Journal vs Ledger
Journal and ledger are two main words that often one come across either when studying the concepts of financial accounting or preparing financial statements. In the double entry system of accounting, ledgers and journals are playing a vital and important role. Before the preparation of final accounts, all the transactions occurred must be passed through in both of these books.
Journal is a book of prime entry; that is, whenever a transaction occurs it must be recorded soon after in the journal. The entry made is known as a journal entry. The process of recording in the journal is called journalizing. The journal entry says that what account to be debited and what account to be credited, also it contains a narration that says for what reason the corresponding entry has been made. Some main types of journals are general journal, purchase journal, sales journal, etc. A transaction must be recorded in the general journal, or one of the other special journals. Journal contains data in the historical order of occurrence.
A ledger can be defined as an accounting book of final entry where transactions are listed in separate accounts. Ledger contains many accounts (normally known as T- accounts). The transactions, which are recorded in the journals, are grouped accordingly and transformed to the corresponding correct accounts in the ledger. This process of recording data is known as posting. Financial statements (also known as final accounts) like statement of comprehensive income (income statement), statement of financial position (balance sheet) are often derived from ledger. Ledger accounts can be checked for the accuracy, that is, when add up all the debit balances in ledger at any given date or time must be equal to the summation of all credit balances in the ledger.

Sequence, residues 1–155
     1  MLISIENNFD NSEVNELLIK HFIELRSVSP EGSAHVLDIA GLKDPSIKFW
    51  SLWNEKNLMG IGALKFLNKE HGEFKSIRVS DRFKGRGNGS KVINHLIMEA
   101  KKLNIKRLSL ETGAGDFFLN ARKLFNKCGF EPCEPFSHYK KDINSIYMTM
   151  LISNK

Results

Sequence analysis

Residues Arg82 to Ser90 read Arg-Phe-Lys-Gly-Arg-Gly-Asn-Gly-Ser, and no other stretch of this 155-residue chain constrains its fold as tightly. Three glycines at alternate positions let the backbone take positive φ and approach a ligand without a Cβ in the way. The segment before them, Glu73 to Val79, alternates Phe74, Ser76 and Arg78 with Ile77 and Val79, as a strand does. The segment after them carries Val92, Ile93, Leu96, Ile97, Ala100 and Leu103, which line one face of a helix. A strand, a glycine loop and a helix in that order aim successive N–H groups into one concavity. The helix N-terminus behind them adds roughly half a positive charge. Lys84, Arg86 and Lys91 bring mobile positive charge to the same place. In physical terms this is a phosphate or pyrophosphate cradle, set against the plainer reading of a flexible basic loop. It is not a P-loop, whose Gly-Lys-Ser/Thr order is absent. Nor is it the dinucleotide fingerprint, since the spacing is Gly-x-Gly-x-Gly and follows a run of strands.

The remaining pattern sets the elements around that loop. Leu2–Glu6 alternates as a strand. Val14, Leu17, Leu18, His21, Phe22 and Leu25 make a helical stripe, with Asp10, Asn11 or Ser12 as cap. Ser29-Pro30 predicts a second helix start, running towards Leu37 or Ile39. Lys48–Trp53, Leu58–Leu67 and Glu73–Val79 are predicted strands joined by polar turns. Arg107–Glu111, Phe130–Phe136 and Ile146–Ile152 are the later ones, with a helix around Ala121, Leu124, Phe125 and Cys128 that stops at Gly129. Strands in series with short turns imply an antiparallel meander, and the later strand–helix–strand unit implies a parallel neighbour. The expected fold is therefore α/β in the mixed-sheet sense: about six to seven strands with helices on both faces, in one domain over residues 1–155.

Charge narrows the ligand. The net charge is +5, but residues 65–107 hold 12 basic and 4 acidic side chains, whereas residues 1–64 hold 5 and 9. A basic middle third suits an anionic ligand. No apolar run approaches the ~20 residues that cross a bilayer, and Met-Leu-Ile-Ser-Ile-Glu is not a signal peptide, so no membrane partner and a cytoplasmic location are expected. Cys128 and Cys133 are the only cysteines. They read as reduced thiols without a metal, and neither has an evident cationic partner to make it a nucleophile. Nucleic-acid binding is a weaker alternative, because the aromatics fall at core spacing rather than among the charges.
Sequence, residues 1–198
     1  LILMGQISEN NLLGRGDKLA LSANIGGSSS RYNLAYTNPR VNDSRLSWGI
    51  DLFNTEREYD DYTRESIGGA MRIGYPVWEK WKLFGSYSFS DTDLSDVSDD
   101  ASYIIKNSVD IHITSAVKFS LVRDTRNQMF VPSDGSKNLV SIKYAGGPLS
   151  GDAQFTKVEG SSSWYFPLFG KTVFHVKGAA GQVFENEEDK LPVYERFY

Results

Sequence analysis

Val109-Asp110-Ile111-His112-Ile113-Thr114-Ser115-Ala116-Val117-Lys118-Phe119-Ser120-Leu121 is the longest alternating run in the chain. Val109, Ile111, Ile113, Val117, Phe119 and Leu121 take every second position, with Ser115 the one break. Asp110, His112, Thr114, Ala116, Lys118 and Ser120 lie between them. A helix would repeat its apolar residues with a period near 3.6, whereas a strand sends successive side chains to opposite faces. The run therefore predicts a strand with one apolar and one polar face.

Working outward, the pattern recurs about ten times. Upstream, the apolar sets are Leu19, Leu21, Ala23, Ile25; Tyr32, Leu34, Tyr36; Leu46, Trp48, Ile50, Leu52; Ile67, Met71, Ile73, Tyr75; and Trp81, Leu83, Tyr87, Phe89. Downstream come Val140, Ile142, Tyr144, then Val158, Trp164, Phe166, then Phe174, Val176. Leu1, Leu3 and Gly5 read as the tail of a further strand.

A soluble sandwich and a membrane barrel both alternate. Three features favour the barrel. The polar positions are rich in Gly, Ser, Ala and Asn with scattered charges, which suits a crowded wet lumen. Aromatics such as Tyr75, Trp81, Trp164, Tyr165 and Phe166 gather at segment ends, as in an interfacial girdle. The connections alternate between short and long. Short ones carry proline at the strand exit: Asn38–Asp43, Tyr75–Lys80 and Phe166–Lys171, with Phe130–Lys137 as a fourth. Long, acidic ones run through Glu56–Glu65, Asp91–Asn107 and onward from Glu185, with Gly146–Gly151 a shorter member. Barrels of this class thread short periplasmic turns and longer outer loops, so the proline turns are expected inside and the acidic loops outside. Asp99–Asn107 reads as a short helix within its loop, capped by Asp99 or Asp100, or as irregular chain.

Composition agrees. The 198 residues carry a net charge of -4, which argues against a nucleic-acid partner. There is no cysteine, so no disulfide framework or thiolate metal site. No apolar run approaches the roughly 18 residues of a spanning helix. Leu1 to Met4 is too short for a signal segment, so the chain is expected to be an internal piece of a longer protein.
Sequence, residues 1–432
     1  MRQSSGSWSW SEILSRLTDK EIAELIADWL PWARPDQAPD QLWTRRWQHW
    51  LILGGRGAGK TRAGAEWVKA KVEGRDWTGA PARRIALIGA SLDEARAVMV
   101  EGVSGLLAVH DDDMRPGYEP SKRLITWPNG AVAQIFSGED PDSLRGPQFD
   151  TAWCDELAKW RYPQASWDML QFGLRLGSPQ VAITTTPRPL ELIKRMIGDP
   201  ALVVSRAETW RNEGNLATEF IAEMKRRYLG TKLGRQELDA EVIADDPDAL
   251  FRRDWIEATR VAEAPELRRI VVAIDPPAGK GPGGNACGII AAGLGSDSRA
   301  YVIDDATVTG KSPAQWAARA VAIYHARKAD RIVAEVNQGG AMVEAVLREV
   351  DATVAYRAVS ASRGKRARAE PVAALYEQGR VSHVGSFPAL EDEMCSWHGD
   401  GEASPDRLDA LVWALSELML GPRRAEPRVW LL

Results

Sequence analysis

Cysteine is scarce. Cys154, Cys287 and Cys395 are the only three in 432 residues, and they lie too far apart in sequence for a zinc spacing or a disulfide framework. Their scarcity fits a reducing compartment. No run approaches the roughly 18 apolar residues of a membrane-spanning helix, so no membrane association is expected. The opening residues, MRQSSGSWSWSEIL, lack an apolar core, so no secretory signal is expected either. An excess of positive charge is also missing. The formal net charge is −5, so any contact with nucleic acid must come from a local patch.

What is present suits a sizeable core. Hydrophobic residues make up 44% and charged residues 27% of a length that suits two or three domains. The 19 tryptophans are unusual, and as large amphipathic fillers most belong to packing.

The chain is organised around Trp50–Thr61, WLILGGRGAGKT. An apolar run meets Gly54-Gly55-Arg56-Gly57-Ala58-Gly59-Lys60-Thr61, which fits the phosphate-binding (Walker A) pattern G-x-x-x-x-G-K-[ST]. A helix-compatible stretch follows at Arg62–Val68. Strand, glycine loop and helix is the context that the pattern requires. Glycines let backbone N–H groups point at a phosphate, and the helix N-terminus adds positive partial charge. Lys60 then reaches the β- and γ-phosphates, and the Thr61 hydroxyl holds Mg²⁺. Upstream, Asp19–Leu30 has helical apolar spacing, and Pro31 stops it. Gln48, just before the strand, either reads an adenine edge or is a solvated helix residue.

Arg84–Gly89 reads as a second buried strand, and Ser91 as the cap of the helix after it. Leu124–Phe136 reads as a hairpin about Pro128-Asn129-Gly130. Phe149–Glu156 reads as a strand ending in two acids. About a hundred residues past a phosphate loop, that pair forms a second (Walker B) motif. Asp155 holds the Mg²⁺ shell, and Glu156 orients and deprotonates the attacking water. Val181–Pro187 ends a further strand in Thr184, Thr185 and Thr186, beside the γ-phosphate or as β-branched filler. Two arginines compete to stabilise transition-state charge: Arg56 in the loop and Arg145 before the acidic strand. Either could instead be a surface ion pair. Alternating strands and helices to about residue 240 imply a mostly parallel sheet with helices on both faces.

What is the difference between Journal and Ledger?
Not only in names, but also in the underlying characteristics both books have differences. The main differences are listed below.
• Journal is the book of prime (first) entry, while Ledger is the book of final entry.
• In other words, ledger contains analytical records, while journal contains chronological records.
• Narration is required in a journal that is not the case in the ledger.
• Transactions are recorded in the sequence of occurrence in the journal, whereas transactions are classified and recorded in relevant accounts in the ledger.
• Data can be classified based on transaction in the ledger, while the basis of classification of data are accounts in the ledger.
• A transaction is firstly recorded in the journal soon after the occurrence of it; it is only then transferred to the ledger.
• Final accounts cannot directly be prepared from journal, but ledgers form the basis for easy preparation of final accounts.
• Accuracy of journal cannot be tested, but accuracy of ledger can be tested to a certain extent using trial balance.
• Journal has two columns for debit and credit, whereas a ledger has two sides of an account one for debit and the other for credit.
• Journals are not balanced at the end of a period, but accounts in the ledger are balanced at the end of a specific period.